3D rendering of multiple Induced Pluripotent Stem Cells - iPSCs
Credit: Marcin Klapczynski / iStock

A “village” approach that cultures cells from hundreds of people simultaneously could provide new insights into how genetics affect disease and drug treatment response, researchers say.

The village system involves culturing and differentiating cells from multiple donor individuals in a single dish, then analyzing using single-cell sequencing.

This captures the genetic differences between people, enabling large-scale studies of human organ systems that are normally inaccessible.

It also overcomes the need to obtain living tissue from the organs of donors and overcomes the limitations of studying cells from just a few individuals.

The findings, in Nature Communications, offer an elegant solution for scaling experiments to the large sample sizes needed for population-based insights.

“Our ‘village in a dish’ method provides a scalable platform to study the relationship between human genetics drug response at an unprecedented scale,” said senior author Professor Joseph Powell, PhD,  who is director of Cellular Science at the Garvan Institute.

“This approach could accelerate the discovery of novel therapeutic targets and be used to identify which groups of patients will respond positively to specific drugs, he told Inside Precision Medicine.

For example, the team is currently screening drug compounds to test for cardiac toxicity using beating cardiac muscle cells derived from human induced pluripotent stem cells (hiPSCs).

These cells are generated by reprogramming somatic cells so they can differentiate into virtually any cell type in the human body, thereby providing a model system to study different cells in vitro.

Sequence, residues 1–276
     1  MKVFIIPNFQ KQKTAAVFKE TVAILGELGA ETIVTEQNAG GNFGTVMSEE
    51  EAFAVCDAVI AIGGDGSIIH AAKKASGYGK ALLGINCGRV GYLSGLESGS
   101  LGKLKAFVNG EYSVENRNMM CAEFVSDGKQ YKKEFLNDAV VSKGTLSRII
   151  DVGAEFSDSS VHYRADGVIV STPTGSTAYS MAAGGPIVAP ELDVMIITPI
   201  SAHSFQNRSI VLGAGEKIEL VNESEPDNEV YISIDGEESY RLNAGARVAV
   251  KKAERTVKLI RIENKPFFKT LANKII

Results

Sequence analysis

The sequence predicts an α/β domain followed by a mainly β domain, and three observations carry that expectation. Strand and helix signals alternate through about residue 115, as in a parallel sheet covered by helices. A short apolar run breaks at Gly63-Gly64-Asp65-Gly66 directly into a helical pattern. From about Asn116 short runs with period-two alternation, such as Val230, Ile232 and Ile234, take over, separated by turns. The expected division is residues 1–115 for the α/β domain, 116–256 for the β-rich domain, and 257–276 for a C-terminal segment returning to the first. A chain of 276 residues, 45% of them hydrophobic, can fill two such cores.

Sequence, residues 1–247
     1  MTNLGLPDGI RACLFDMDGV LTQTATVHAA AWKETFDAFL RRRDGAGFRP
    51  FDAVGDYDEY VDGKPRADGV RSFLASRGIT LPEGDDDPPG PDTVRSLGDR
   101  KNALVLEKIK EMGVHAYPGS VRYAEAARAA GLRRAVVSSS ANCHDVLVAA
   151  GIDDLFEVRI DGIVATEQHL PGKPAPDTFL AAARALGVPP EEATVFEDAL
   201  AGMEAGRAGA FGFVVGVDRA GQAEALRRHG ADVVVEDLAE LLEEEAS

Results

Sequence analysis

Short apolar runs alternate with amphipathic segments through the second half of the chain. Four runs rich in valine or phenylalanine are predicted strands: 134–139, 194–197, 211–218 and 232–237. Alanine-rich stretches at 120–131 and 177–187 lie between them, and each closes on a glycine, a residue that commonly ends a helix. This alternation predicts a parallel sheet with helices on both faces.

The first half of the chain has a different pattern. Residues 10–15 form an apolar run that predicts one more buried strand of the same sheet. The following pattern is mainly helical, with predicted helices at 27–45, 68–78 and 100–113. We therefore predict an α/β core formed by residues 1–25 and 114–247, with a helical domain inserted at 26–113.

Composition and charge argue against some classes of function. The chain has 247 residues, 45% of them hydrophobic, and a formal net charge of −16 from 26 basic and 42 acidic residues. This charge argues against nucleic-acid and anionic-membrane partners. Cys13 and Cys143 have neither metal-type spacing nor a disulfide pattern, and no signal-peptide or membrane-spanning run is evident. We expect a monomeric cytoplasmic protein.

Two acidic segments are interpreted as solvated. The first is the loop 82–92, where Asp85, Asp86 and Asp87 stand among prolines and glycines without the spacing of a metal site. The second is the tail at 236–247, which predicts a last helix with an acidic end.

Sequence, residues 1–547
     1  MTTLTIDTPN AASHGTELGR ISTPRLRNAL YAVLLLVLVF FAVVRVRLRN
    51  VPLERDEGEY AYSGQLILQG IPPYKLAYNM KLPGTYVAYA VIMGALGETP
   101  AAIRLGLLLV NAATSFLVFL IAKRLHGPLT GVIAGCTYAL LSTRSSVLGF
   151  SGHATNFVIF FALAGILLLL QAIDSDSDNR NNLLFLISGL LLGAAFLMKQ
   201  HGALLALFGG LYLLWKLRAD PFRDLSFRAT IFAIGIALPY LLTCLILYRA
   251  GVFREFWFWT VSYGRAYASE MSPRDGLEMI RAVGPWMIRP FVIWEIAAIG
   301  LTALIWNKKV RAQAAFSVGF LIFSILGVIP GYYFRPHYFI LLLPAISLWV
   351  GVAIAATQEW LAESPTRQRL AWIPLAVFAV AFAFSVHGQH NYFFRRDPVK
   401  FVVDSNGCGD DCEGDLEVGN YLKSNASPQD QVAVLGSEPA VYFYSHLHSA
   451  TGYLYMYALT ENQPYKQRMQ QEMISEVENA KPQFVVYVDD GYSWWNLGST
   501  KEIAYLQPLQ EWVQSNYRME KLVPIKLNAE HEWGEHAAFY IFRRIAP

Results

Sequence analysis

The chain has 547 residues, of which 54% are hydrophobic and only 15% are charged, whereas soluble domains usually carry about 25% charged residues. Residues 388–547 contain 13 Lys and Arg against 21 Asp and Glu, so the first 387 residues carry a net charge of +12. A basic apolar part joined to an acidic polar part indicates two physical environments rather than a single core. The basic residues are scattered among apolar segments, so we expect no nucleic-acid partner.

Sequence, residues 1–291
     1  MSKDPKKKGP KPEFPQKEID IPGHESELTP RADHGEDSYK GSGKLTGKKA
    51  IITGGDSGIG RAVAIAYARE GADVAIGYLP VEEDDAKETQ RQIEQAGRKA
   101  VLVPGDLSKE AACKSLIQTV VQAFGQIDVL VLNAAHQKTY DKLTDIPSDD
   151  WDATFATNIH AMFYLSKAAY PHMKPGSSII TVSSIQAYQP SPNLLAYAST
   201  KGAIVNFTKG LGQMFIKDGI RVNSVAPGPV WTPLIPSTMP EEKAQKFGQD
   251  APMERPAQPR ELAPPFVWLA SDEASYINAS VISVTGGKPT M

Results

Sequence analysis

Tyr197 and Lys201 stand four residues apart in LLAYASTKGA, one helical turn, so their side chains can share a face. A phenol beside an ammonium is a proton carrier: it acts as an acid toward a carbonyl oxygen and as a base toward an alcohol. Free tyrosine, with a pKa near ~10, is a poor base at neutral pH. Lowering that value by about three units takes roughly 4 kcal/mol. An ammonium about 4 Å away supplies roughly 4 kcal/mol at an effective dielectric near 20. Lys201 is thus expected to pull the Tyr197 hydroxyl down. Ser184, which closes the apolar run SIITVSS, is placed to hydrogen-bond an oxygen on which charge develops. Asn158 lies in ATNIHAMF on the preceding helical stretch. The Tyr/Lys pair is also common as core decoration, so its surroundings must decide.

“This work will allow us to guide personalised medicine for current therapies and speed up clinical trials for emerging therapies,” said Powell.

Until now, most population genetics hiPSC studies has involved using bulk RNA sequencing but this effectively averages the different expression of various cell types into a single measure.

Single-cell technologies provide a powerful solution for this challenge, as individual cells are investigated separately, and context-specific effects can be examined.

But while hiPSC cells are uniquely suited to study these context-dependent effects, cell lines from hundreds or thousands of individuals are required.

Village cultures, where multiple induced pluripotent stem lines are cultured and differentiated in a single dish, provide an elegant solution, the researchers say.

Their village approach retained key features from individual cultures, while efficiently scaling experiments to the sizes needed to offer insights into a population.

Cells could be assigned to an induced pluripotent stem line using single-cell sequencing and a large proportion of the variation in expression for many genes was due to line-specific effects rather than the village cultures per se.

The researchers conclude: “Village systems—paired with single-cell technologies—promise to revolutionise the field of population genomics of gene regulation.”

Also of Interest